Roy Beck's picture

Published:  

  by  Roy Beck

Martin Luther King Jr.'s crusade for economic justice was not limited to poor Black Americans.  His work, like the work of NumbersUSA today, was aimed at helping all vulnerable Americans of any race or national origin. 

But King recognized that historic circumstances had left a large, disproportionate share of Black Americans in an economic underclass. 

I believe that Americans whose ancestors were slaves have been the greatest victims of the renewal of mass immigration that has occurred since King's assassination in 1968.

My reading of experts on the history of both Black Americans and of immigration finds something entirely predictable about mass immigration (defined by numbers far above historical average and without any connection to the needs of the nation).  That is, mass immigration when it has occurred in the United States -- and regardless of what nationalities comprised the flow -- has always been accompanied by stagnation or regression in the economic progress of Black Americans.

W.W. Norton & Company of New York City published the following by me in 1996. I do not think much would need to be changed  for it to be totally accurate for this Martin Luther King Day of 2011.  NumbersUSA was founded in 1996 and has worked during this entire 15-year period to improve the economic possibilities for the Black underclass by tightening the labor market through lower immigration and by encouraging employers to improve their recruiting and training among all poor Americans who are outside of the labor force.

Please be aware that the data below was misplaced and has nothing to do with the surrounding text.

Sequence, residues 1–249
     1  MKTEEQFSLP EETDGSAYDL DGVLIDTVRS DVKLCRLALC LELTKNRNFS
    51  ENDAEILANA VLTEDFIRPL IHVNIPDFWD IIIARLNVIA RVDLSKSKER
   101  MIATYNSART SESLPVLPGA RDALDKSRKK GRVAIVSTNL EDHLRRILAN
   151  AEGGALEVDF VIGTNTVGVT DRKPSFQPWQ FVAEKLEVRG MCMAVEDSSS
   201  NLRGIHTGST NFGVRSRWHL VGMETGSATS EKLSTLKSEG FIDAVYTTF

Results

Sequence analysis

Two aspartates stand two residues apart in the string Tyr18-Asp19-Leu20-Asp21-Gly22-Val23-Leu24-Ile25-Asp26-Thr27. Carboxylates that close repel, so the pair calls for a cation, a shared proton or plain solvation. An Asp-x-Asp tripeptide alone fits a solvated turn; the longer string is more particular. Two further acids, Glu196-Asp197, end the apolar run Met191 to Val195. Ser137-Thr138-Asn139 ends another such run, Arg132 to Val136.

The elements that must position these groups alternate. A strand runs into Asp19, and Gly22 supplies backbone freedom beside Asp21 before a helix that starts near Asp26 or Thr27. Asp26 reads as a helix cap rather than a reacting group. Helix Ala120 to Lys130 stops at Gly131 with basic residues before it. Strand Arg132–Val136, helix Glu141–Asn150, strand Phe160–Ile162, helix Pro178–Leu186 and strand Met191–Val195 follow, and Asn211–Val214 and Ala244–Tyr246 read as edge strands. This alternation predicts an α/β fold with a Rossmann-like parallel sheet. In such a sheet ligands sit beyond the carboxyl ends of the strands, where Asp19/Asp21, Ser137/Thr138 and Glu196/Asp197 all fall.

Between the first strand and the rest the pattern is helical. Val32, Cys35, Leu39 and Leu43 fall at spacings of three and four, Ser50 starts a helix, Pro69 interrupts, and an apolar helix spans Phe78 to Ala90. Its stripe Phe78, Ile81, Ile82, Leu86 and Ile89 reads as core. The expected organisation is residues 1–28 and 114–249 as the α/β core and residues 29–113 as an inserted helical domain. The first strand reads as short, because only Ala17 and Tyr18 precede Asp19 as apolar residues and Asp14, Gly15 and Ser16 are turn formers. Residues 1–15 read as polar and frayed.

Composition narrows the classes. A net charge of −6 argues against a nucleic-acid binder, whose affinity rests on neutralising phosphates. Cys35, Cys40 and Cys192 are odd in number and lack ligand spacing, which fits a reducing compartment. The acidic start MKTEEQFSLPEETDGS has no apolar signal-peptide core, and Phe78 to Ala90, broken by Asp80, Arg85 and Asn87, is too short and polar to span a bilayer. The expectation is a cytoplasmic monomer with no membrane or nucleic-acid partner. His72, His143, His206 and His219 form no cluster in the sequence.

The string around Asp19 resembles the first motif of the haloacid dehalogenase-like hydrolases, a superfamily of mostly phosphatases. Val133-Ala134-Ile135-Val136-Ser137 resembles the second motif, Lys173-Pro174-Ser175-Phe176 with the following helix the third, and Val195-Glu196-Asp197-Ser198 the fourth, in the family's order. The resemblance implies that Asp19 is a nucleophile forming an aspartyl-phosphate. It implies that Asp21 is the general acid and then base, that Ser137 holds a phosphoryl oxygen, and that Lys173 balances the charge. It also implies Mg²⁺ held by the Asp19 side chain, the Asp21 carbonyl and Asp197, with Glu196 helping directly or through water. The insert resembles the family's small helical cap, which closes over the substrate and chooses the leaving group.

THE 'FAILED BLACK THIRD' 

The plight of Black Americans faced with the current flood of foreign workers has moved in the same direction it always has gone during high immigration: down.

After decades of steady improvement, the economic and social conditions for many Black citizens have significantly deteriorated since the 1970s.

  • The poverty rate of Black Americans is triple the rate of all other Americans.
  • One of every three Black citizens now lives in poverty.

To distinguish them from the majority of black Americans who have managed to hold on to middleclass status, we might call those in poverty the "failed Black third."

To the National Academy of Sciences, the "failed Black third" is a challenge to the conscience of the nation. "Americans face an unfinished agenda," it stated in 1989 after an expansive study. "Many Black Americans remain separated from the mainstream of national life under conditions of great inequality. The American dilemma has not been resolved."

To Leroy Clark, a lawyer with Martin Luther King, Jr.'s, crusade throughout the 1960s, Americans should deal with the "failed Black third" for very practical reasons. All of us live more precarious lives because of that concentration of poverty, he says. "From the army of hungry, unemployed Black teenagers, come the muggers, drug addicts and gang members who make our cities dangerous."